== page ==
Prince George's County Public School officials told parents on Thursday officials will work to ensure children's safety.
"I, like many, was shocked, appalled, disgusted, and disheartened by the allegations that a former PGCPS employee harmed students and vulnerable children," school district CEO Dr. Kevin M. Maxwell said.
The family of another alleged victim, an 11-year-old boy in the choir at Judge Sylvania Woods named only as John Doe 2, filed for a class-action lawsuit on Thursday against the Prince George's County school board and the school's principal.
The family's lawyer, David Simpson, said the case against Carraway seems to be growing.
"Unfortunately, the more we keep looking, the more we keep finding and the broader the whole matter seems to be getting," he said.
Parents flocked to the school Thursday night for a meeting with administrators.
"We go to work hoping that everything is safe, and we don't feel any safety now," one father said.
Carraway's pastor, Dr. Henry Davis of First Baptist Church of Highland Park, said that looking back, he sees some red flags in the young man's behavior.
"The strange part was that I never knew his family. He used to come by himself," Davis said.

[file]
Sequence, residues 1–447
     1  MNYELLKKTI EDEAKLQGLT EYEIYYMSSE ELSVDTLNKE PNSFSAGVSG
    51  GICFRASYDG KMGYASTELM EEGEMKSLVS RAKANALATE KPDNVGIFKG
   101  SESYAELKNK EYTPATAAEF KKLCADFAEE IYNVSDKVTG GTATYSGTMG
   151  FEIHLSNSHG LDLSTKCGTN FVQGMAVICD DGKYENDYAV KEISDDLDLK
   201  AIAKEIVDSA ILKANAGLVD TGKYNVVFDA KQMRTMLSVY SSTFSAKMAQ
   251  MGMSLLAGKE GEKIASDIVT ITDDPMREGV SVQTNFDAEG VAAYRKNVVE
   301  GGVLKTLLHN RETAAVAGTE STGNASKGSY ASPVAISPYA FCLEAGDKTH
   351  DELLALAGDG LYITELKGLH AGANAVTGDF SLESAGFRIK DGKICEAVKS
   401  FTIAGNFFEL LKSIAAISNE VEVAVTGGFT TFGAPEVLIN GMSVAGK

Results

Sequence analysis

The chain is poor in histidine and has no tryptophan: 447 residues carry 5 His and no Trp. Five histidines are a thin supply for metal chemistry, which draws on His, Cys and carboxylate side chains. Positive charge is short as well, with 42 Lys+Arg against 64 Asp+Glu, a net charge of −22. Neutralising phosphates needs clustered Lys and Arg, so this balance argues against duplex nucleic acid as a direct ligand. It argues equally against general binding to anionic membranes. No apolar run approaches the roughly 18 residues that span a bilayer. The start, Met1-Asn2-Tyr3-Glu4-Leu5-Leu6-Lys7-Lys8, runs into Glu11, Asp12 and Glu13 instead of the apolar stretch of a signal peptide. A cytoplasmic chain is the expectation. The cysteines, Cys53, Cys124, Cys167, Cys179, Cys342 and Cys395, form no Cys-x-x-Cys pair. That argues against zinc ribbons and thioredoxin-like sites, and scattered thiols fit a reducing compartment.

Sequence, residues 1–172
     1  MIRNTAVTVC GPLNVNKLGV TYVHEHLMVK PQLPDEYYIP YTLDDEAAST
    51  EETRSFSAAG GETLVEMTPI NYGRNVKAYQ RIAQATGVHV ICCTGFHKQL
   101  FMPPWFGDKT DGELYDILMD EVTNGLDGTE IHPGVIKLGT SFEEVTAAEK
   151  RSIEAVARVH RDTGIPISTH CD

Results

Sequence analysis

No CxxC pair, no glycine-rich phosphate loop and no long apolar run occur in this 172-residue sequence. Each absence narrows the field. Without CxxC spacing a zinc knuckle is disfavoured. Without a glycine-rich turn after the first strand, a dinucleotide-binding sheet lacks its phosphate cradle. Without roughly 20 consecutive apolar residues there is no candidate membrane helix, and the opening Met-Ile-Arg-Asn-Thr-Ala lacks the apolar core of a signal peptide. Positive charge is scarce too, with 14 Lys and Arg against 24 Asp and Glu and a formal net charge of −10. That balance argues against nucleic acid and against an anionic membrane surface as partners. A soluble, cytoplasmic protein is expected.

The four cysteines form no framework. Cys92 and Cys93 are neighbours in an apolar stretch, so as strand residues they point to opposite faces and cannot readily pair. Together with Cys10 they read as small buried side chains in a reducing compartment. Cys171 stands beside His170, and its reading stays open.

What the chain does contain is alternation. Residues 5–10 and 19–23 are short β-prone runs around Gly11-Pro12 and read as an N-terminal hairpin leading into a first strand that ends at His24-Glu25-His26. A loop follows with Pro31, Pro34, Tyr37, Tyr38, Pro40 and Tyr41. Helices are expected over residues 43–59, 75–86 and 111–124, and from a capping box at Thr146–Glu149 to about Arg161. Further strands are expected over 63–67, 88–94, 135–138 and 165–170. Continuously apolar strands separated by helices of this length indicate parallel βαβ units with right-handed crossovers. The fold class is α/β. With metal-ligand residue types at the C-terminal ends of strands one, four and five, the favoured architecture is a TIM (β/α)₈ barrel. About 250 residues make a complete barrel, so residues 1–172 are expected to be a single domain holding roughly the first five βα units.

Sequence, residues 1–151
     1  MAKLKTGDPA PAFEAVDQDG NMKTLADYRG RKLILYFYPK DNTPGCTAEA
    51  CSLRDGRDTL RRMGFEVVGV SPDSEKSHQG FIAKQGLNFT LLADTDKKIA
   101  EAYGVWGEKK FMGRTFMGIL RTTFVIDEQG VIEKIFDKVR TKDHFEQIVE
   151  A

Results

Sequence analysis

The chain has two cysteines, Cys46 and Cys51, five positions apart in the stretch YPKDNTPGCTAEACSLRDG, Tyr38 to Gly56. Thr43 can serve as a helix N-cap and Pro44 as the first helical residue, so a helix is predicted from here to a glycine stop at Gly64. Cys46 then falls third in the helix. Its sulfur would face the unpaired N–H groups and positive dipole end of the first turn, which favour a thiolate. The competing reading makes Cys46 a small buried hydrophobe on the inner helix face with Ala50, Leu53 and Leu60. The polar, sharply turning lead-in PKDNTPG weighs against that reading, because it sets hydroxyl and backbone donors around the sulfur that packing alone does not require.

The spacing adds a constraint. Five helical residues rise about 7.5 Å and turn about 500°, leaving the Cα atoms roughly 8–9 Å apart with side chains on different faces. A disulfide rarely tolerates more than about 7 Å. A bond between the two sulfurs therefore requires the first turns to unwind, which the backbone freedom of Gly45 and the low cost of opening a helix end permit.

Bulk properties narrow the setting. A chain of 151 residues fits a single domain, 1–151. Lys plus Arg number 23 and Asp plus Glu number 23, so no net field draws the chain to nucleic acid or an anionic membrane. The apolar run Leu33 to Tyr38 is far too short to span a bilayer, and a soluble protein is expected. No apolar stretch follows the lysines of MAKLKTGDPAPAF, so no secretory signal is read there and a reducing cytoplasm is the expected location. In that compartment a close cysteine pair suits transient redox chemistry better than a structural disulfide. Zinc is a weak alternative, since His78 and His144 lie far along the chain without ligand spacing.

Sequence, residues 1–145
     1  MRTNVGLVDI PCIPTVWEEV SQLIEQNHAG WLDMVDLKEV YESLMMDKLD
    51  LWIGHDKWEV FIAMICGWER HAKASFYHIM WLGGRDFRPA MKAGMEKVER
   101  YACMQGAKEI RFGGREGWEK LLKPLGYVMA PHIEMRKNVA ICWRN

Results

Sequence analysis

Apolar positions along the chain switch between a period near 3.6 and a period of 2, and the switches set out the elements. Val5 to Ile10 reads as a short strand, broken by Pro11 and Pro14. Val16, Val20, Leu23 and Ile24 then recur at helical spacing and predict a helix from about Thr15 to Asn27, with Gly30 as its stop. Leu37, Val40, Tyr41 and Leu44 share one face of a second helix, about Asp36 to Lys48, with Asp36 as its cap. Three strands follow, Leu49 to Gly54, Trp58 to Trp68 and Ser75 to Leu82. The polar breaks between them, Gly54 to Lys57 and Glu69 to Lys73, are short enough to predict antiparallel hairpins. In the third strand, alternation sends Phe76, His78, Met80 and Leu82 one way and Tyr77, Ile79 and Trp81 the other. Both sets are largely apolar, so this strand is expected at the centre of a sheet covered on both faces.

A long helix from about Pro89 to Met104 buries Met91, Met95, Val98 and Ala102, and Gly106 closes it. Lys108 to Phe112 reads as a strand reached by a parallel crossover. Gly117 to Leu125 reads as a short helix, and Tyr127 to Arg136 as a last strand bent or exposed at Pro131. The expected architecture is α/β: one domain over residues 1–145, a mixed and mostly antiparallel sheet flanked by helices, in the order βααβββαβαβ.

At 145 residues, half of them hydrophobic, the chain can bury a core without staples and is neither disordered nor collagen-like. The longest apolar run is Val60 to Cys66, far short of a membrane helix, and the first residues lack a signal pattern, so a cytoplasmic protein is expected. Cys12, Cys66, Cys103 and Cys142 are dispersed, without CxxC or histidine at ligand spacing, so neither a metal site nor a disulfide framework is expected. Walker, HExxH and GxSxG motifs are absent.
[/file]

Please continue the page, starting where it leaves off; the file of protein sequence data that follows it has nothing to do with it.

Carraway was always alone at the church, the pastor said.
Parents at Judge Sylvania Woods Elementary said at the school he was often surrounded by kids.
"He was just always around children -- at the playground, walking to and from school with them," mother Monique Ganntte previously said.
Anyone aware of other possible victims should call Prince George's County police at 301-772-4930, or the FBI at 1-800-CALL-FBI.
Carraway's family released the following statement:
"First and foremost, we would like to express our extreme shock and deepest sorrow over the actions of Deonte Carraway that have been reported over the last few days. As a family who loves him dearly, we must stress that we do not condone the behaviors in question that has victimized numerous families and brought unimaginable fear and sadness to our community as a whole. Our prayers and thoughts are with the innocent victims and their families during this trying time. We ask that the media takes into account that we are also victims of what has transpired and respect our privacy as we continue to cope with this new reality. Lastly, we want the public to know that we are in complete support of the ongoing legal investigation and will continue to assist law enforcement in any way we can. Please keep our family in your prayers."